– I’m grateful for some of the people that I’ve met via the blogging community. I didn’t expect to build friendships when I started blogging, but have been pleasantly surprised [Hello Jill & Jo! Hello Bram – I look forward to our first ‘date’ – especially now that I know you have a hot accent! ;-)].

– I am always, always grateful for my mom & dad, despite my occasional crank factor. They are amazing, inspirational people, who have always been present and active in myself and my brother’s lives. (Hello mum & dad! Mum, don’t cry for God’s sake!).

– As always, I love my dictionary of Annisms. I am thankful that I have the ability and creativity to come up with shit that most people will never think of. My friends can attest to this, and to appease your curiosity, I shall post the Dictionary of Annisms in the New Year. Friends: please email me your favorites because sadly, I think my age is impacting my memory. What? What do you mean I’m too young to develop Alzheimer’s? :-p

– I am so very grateful that my life isn’t like a soap opera. My GOD, it’s no wonder these people need face lifts and Botox with all that drama!

– I’m thankful that I’ve learned to let go.

– Lastly, I’m thankful that I know myself, that I know who I am, and that I’m happy with me. I leave you with this quote by my friend Dr. Seuss:


“Today you are You, that is truer than true. There is no one alive who is Youer than You.”

What are YOU thankful for? Come on people – talk to me!

Letting Go of Judgment

A few days ago I received my latest Amazon order, which included a few books that I had selected from Moksha‘s recommended reading list. For those of you who don’t know, Moksha has hot yoga studios throughout Canada and also offer yoga teacher training.  Since I’m at a stage where I want to deepen my practice and eventually teach, I thought it might be a good idea to see what all the yogis are reading these days. Surprisingly, the list was quite extensive! To be honest, when I thought about deepening my yoga practice and teaching, I automatically assumed that this would involve a more physical process. Not so! Anyway, from the list, I picked three books that spoke to me the most- books that I felt I wouldn’t abandon out of boredom. Admittedly, I opted to ignore the two books that I should probably read first – but we can get back to those when I’ve actually read them 😀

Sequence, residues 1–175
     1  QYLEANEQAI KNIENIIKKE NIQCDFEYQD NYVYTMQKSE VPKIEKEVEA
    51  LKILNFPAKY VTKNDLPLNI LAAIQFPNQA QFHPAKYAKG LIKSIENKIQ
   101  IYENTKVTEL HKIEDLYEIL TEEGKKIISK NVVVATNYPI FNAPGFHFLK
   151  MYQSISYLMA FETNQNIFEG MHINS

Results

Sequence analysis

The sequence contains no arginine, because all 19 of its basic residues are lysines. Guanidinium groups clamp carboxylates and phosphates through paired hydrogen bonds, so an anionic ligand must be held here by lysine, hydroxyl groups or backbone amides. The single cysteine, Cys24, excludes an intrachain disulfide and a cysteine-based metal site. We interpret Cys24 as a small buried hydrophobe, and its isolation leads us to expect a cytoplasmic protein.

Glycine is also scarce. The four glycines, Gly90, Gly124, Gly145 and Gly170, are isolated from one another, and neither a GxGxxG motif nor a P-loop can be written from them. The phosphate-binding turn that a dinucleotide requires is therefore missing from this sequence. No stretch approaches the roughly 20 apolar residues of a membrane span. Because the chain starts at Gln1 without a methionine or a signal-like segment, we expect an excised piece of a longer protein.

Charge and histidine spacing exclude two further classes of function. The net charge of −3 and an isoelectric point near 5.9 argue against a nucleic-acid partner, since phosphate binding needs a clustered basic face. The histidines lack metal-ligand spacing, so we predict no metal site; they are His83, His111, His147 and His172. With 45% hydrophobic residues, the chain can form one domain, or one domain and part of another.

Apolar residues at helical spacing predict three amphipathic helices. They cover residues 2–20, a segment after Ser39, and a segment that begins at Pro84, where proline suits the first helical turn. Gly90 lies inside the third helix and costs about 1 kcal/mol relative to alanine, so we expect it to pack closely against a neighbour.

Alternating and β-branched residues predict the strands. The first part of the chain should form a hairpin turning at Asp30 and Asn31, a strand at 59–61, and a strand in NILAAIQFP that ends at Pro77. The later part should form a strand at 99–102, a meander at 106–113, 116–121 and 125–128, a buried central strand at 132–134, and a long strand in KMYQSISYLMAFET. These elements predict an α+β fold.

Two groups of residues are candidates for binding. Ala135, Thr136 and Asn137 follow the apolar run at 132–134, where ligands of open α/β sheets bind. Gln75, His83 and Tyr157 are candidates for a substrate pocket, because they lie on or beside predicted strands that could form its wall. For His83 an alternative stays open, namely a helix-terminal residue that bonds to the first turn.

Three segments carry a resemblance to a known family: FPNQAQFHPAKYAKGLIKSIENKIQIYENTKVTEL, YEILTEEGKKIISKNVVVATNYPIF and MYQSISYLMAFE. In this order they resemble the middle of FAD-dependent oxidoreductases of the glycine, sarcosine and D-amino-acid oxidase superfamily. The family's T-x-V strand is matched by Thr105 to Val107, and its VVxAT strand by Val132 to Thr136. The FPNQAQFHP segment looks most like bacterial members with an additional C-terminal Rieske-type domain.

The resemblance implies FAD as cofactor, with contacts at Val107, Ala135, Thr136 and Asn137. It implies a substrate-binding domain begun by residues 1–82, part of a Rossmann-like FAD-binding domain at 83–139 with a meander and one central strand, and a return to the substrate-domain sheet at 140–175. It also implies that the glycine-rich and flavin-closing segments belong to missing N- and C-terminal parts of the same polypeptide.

I opted to start with Judith Lasater’s Living Your Yoga. In a nutshell, this book talks about how we can use yoga to help us reconnect with the ‘scared’ in everyday life, and how our ability to do this can positively impact all aspects of our lives – not just our yoga practice. I haven’t finished the book yet, however Chapter 4: Self-Judgment stood out for me. Lasater talks about how often, we don’t seek comfort in our yoga poses, but rather, we over-challenge ourselves in order to conquer the pose. According to her, ‘it is not uncommon for students to berate themselves with self-judging internal dialogue during practice.’ Lasater perfectly describes how I’ve been feeling lately; my internal dialogue has been a real pain in the ass and I think that as a result of feeling ‘forced’ to practice or work out, I’ve switched off altogether. I also realized that the bulk of my internal dialogue revolves around self-judgment, and I’m conscious of the fact that I am my harshest critic. That said, I never viewed this in the way that Lasater describes it: if you expect more from yourself then you do from others, then you have the mindset that you are better, and consequently, you must perform at a superior level. This puts things into perspective for me, because when I consider Lasater’s viewpoint, I realize that I often put a lot of unnecessary pressure on myself, only to achieve the opposite of what I want. This not only applies to my yoga practice and my work-outs, but it also applies in other areas of my life. I always tend to think that if I want something done right, I need to do it myself. I don’t think this means that I’m better then other people – I just have very high expectations of myself and therefore transfer those expectations on to others. Rarely do I think that someone can’t do what I ask – so in some ways, this can be good or bad. On one hand, this means that I have faith that someone can do the job, but on the other, I tend to be harsh in my judgment when they can’t. Ah-ha moment!